Victoria: Despite NDP promises to improve access to family doctors, the number of British Columbians unattached to a primary care provider has increased by more than 200,000 people since the NDP came to power.
“The NDP campaigned on the promise of increasing access to primary care providers in B.C., and yet nearly five years later access has decreased and more people are without a family doctor or nurse practitioner than ever before,” said Shirley Bond, Official Opposition Leader and BC Liberal Critic for Health. “If the goal is to get more people access to a doctor, then the NDP is failing spectacularly– they’re actually moving backwards. With 2,600 doctors nearing retirement across the province, the problem will only continue to worsen unless this government takes immediate and decisive action.”
The family doctors shortage is being felt across the province and over 12,000 people have signed a petition started in Victoria expressing their concerns and calling on the NDP government to take action. Meanwhile, the NDP promised to open a second medical school at SFU’s Surrey campus and yet it was nowhere to be found in this year’s budget.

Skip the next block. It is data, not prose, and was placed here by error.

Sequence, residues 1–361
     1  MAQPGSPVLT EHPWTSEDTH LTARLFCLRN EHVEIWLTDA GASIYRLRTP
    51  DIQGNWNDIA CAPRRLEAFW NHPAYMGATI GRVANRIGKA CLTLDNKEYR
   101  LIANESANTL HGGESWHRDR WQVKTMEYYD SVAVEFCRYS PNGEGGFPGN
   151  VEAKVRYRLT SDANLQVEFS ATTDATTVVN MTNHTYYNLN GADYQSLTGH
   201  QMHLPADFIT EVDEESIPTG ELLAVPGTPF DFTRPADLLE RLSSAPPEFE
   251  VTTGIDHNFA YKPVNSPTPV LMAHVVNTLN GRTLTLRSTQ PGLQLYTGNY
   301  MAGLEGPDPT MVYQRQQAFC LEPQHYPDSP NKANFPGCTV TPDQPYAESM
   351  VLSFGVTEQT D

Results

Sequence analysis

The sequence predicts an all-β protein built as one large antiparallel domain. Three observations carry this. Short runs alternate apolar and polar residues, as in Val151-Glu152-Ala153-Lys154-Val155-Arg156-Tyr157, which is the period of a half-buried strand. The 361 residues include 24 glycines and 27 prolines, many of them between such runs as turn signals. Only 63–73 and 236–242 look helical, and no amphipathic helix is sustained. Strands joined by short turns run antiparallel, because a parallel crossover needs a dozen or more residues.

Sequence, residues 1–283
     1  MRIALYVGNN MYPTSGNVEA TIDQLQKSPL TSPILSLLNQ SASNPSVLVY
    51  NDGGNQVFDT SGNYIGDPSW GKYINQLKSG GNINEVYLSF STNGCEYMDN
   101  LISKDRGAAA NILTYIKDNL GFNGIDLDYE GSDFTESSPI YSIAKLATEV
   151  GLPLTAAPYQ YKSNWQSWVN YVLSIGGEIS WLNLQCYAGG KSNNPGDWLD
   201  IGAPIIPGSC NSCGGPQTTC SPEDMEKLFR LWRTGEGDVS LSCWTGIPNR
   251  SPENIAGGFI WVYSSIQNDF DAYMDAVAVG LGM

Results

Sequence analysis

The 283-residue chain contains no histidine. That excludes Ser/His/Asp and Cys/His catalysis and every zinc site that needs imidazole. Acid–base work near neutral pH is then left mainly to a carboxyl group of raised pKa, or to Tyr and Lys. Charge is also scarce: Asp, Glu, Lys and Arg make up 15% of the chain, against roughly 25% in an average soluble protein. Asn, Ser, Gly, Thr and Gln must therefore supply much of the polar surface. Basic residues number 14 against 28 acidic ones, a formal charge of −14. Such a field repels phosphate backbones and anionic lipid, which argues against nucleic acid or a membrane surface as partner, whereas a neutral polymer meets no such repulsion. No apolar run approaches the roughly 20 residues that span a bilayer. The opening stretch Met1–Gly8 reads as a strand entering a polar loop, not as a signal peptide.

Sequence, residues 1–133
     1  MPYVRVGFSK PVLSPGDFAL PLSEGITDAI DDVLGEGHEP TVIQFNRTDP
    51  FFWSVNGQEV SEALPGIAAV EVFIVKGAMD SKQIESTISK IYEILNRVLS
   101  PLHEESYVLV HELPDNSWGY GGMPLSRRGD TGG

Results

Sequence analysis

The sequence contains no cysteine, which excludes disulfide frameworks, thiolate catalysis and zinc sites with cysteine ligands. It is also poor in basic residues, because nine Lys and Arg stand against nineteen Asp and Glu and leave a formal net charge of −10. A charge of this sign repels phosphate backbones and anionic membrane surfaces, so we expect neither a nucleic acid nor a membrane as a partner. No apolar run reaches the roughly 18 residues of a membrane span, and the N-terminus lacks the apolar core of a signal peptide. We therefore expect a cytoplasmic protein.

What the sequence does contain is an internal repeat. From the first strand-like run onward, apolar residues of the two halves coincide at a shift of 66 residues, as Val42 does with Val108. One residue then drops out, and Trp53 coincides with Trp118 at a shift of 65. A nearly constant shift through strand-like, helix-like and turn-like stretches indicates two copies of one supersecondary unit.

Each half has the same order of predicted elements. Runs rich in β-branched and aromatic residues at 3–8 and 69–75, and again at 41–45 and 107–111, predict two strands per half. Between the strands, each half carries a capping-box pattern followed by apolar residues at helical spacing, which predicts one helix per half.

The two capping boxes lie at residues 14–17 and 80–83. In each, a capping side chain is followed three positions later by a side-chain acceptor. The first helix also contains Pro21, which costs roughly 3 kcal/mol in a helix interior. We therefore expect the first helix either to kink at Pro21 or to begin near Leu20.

“This lack of primary care providers is just one more symptom of a growing problem in our healthcare system,” added Bond. “We have watched as the opioid crisis, the COVID-19 pandemic, the paramedic shortage, and other factors have put increasing strain on medical professionals and health resources in our province. The lack of family doctors only adds to this stress, as people are forced to go to walk-in clinics or our overwhelmed emergency rooms for basic care. It is past time that the NDP take action and ensure the quality healthcare British Columbians need and